TongKe Xue wrote:
I think there is a misunderstanding.
My goal is not to enforce these limits at compile time.
My goal is to enforece these limits at run time.
You exceed the memory limit? I don’t allow you to allocate more memory.
You exceed your cpu slice? I swap you out and run another thread for a
As another poster pointed out, this is an operating-system-dependent
function, not one that belongs in a portable high-level language. So you
now need a system administrator to detect when a process is being a CPU
or memory hog and take some kind of action.
This is exactly what an OS does for a living! I don’t know how to do
this on a Windows server, but on Linux and most other Unix-like systems,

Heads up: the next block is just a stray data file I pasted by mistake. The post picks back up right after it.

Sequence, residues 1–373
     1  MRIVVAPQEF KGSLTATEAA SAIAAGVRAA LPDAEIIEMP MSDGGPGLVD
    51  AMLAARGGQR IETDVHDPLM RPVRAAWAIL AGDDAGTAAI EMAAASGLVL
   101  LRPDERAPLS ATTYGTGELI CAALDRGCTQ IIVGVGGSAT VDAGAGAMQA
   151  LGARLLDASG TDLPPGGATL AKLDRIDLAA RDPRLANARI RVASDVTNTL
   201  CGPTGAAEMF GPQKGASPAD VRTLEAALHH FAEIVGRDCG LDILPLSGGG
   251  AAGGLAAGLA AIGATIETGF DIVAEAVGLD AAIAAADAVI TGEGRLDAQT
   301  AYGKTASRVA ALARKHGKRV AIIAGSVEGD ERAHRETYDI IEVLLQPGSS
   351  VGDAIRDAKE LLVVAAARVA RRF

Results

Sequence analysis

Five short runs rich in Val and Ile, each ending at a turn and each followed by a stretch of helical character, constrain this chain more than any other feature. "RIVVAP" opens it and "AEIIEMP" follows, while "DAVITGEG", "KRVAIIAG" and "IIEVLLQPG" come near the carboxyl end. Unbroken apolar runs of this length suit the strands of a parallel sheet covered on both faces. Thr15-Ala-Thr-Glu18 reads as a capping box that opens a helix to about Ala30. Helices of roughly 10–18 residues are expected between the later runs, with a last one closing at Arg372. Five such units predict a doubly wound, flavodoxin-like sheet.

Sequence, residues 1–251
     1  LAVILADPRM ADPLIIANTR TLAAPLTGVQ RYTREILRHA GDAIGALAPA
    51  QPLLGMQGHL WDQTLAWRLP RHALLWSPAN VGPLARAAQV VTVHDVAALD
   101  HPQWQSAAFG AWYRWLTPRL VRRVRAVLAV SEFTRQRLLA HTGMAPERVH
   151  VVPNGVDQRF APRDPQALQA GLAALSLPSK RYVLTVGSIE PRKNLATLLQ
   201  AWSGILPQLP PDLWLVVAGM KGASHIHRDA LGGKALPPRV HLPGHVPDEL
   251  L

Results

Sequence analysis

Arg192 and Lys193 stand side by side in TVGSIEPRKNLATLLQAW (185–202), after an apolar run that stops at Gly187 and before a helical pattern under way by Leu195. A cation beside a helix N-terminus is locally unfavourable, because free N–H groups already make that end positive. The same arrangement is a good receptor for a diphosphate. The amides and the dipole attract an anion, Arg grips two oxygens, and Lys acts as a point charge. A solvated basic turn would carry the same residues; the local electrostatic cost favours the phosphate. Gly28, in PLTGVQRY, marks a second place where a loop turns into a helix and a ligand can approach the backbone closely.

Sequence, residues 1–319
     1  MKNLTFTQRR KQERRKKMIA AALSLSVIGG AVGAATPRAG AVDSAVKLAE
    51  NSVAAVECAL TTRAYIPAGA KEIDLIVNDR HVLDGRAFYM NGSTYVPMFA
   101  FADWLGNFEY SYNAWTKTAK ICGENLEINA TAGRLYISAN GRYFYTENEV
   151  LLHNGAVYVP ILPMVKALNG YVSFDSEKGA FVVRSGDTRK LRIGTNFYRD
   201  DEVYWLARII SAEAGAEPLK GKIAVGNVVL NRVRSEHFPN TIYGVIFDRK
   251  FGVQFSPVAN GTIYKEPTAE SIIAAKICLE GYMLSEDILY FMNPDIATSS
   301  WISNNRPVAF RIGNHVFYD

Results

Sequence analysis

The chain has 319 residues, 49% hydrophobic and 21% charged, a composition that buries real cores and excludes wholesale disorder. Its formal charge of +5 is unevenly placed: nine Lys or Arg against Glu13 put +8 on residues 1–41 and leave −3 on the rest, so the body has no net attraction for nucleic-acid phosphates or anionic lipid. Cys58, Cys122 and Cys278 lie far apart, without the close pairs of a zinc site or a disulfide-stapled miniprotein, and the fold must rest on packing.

there is a gizmo called “ulimit”. This allows you to set a policy on how
big a process can get or how much total CPU time it can accumulate. The
bad news is that, as far as I know, when the process does violate its
ulimit, it is unceremoniously terminated and expunged from the system.
If that kind of behavior is compatible with your game, great. Otherwise,
you’ll have to find a way to trap the ulimits and deal with them.
In any event, I think you’re making this hard for yourself. There are
existing simulation game frameworks that work very well, and I think
there are even some with Ruby bindings. It sounds to me like you’re
trying to reinvent some wheels rather than designing a user experience.
I’d recommend getting a good handle on the “whats” first before delving
much deeper into the “hows”.